Some time passed, and Air Max Day was once again approaching. Somehow, though, this year seemed to be more important than last year’s. Nike was set to re-release a handful of original colorways of its most sought-after Air Max silhouettes, and the brand had gotten more — with deeper roots and cachet — outlets in on the event. It had shifted from an off-year celebration to a huge consumer event. Air Max Day was supposed to mean something this year. The day hasn’t even hit yet, and the Air Max love is already in full effect.Air Max Day has brought Air Maxes to the forefront of the sneaker discussion over the past week or so — ahead of the usual talk of Air Jordans anything NikeLab-related. Cars are driving around Korea in the shape of the most iconic Air Max models, and Nike has even used this as an opportunity to launch a whole new silhouette: the Air Max Zero, which is based off a sketch that Tinker Hatfield drew before he designed the initial Air Max 1.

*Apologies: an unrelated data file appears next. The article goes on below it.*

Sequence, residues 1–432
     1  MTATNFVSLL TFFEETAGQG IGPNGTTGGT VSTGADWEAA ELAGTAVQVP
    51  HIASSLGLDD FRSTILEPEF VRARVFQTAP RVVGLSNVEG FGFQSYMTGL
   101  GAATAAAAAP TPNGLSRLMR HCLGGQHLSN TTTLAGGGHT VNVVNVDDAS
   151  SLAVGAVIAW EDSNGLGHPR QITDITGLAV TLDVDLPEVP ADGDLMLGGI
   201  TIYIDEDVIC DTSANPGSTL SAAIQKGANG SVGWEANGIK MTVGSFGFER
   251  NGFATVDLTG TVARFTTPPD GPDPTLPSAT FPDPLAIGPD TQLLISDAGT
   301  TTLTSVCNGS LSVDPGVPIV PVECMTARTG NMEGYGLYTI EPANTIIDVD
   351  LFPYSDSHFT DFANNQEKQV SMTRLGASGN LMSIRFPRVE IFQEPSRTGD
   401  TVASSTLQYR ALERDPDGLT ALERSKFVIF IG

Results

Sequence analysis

In 1987, Tinker Hatfield came up with a crazy idea: He wanted Nike sneakers to have visible Air, and so the Air Max 1 was born. 2014 will mark the 27th anniversary of Hatfield’s idea, with the Air Max 2014 releasing today. Not only did Air Max give a plush ride during runs, it showed what sneaker cushioning could do for a runner. Over the past 27 years, Nike has evolved Air from being a tiny pocket to being a full 360-degree experience. The Air Max series has found its way from the running trail to the basketball courts and here’s why: A Design Breakdown of the Nike Air Max Series.
Tinker Hatfield came up with the idea of the Air Max 1 after seeing the Pompidou Centre in Paris- an un-covered building exposes its design. A viewer can see the inner structure of the building from the outside. By this point, Nike already had Air in its sneakers, but Tinker wanted to show consumers what actually made the sneakers comfortable. It wasn’t as highly-touted of an idea as people would assume. Nike designers felt the idea was gimmicky. But Tinker eventually won out, and built the foundation for the Air Max line. The first sneaker in the series is still important to this day because of its perfect blend of form and function. Every pattern piece and midsole groove was used to accent the visible Air unit. It was a simple sneaker, but light years ahead of the competition grey suede sneakers of its time.